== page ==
When we gather best practices for a specific job, we research the overall landscape so we can provide our customers with the best advice possible. For example, when we wrote our guide for creating an effective onboarding campaign, we researched the types of content that existed around onboarding and marketing automation so we could show customers the best ways to convert their trial users into paying customers.

Takeaway: The answers you get to this question will make a great best practice guide.

3. How does the feature work?

You can quickly get up to speed with how a feature works by using it or familiarizing yourself with the design spec. But if you’re not an engineer it can sometimes be difficult to understand the more complex, technical aspects of a feature. At Intercom we want customers to understand the job each code snippet helps their team do.

For example, when we launched our new Messenger, we wanted customers to understand why they should update their mobile SDK, as well as how. Instead of just publishing the code, I sat down with an engineer and asked questions like, “Why would customers upgrade to the new Messenger?” and “What does each code snippet helps customers do?”. With that information, we were able to create a more accessible guide that showed customers the value of upgrading.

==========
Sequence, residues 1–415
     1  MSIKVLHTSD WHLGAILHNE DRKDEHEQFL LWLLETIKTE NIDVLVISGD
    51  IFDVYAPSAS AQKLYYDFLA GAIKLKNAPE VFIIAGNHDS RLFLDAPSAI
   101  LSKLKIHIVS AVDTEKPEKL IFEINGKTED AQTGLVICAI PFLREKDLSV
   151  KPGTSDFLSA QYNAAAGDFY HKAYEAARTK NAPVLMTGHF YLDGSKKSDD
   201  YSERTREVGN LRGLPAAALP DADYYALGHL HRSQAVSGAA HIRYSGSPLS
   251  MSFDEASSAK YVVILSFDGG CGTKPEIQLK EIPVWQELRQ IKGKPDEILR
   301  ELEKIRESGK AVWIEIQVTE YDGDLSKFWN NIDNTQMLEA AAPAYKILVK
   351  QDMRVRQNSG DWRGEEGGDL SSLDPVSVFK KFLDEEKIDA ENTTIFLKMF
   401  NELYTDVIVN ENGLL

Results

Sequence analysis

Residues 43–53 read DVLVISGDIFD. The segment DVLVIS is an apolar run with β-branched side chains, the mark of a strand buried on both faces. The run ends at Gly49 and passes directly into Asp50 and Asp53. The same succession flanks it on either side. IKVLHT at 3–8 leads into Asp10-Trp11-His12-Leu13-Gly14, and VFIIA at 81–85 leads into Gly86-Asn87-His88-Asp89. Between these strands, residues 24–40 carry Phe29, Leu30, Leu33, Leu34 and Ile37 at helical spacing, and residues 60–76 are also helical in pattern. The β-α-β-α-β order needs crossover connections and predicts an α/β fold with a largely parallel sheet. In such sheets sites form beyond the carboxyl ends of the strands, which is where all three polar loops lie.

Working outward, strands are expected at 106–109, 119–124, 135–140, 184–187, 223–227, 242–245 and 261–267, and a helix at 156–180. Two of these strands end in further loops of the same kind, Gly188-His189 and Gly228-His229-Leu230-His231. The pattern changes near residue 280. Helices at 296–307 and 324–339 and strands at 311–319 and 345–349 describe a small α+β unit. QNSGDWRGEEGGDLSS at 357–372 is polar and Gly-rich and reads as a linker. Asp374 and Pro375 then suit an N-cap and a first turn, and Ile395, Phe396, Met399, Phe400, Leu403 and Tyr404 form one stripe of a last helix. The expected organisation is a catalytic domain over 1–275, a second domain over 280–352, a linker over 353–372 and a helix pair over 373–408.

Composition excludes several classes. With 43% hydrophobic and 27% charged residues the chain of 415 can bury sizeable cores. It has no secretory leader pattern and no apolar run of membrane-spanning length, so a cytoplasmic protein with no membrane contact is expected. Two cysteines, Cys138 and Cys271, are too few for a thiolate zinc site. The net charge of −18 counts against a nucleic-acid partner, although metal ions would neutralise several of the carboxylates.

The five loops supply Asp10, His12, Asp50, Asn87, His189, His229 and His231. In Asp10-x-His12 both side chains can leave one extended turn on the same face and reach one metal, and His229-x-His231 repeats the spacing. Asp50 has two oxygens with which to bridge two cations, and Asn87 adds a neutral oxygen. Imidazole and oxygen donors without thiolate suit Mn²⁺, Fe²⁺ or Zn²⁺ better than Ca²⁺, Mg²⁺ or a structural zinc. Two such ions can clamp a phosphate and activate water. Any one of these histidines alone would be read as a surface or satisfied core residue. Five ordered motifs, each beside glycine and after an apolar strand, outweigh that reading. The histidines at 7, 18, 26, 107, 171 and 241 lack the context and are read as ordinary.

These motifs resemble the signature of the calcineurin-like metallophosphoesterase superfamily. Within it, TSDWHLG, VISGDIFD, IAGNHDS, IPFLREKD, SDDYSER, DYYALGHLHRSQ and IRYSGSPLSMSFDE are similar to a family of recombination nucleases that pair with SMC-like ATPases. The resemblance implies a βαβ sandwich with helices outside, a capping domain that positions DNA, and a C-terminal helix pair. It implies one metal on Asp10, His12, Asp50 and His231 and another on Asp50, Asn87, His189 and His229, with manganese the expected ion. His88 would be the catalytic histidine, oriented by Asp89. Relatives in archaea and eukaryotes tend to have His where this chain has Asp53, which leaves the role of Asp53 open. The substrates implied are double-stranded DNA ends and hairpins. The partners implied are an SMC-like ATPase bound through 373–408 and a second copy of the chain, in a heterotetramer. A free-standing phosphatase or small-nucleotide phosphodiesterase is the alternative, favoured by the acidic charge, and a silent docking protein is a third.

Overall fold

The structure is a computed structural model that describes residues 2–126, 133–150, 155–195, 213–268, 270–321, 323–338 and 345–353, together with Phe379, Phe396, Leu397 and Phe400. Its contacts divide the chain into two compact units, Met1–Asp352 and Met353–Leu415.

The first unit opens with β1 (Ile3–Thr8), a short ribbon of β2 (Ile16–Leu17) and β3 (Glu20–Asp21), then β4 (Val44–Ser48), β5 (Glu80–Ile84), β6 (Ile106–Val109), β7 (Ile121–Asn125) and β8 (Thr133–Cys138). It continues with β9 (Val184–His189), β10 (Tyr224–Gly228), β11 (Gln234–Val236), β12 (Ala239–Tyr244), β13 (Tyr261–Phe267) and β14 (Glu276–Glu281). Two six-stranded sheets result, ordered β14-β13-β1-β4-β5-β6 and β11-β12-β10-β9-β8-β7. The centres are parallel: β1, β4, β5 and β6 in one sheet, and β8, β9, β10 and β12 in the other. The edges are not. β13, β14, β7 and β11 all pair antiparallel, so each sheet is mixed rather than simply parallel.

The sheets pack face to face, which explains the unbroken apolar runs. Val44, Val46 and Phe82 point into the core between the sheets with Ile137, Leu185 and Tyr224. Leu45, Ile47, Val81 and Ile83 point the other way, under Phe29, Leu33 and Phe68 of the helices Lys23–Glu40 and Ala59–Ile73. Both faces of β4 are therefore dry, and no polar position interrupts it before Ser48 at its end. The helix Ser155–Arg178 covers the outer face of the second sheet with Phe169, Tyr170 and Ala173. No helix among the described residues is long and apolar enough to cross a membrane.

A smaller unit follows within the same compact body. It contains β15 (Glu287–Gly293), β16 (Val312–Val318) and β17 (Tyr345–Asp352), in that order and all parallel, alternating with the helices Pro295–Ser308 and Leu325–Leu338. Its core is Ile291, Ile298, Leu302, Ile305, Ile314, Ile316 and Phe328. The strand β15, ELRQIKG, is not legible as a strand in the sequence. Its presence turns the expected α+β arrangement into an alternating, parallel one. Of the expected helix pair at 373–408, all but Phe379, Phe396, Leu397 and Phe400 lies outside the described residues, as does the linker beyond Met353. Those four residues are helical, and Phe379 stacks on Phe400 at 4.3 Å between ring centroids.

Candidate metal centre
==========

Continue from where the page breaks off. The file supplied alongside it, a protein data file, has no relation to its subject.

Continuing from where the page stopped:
To further encourage the engineer you’re speaking to to explain the concept in a more accessible way, simply ask, “What do you mean?” or “Could you put that a different way?” Have a go at explaining it in your own words too so you can clarify any confusion, there and then.

Takeaway: The answers you get will make a great how-to guide that both engineers and their non-technical colleagues can understand.

What are the limitations of the feature?

Ignoring aspects of your feature that confuse or frustrate customers won’t save you time or grief. Instead, your customer support team will still have to pick up the slack for you. A better strategy is to anticipate questions your customers are likely to have and problems they might encounter with your feature.

You’ll want to address things like latency issues, UI bugs, or any other issues customers may experience. It’s also a good idea to explain in your help content why you haven’t built a commonly requested feature. To make your content as transparent and genuinely useful as possible, ask questions like:

  • What aspects of the feature are customers most confused by?
  • What exact detail confused them most?
  • What do our customers want our product to do that it can’t?
  • Are we planning to address these issues in the product or will we need to address it in the content?
  • Did anyone leave feedback about the beta content we published?

If you ran a beta of the feature, take a look at the feedback you’ve received. At Intercom we tag this feedback so we can easily read through it later. If you find customers are consistently asking specific questions, make sure you answer them in your content.

Takeaway: The answers you get to this question will make material for some very effective FAQs.

Fight your customers’ corner

Asking the right questions from the outset helps you extract well – thought out, accurate advice from the right experts in your company. You’ll rest assured that you’re not just leading with your own assumptions. But most importantly, you’ll know that you’re fighting your customers’ corner from the very beginning – to make it easier for them to understand, to answer tricky questions and to help them succeed. Now that’s helping!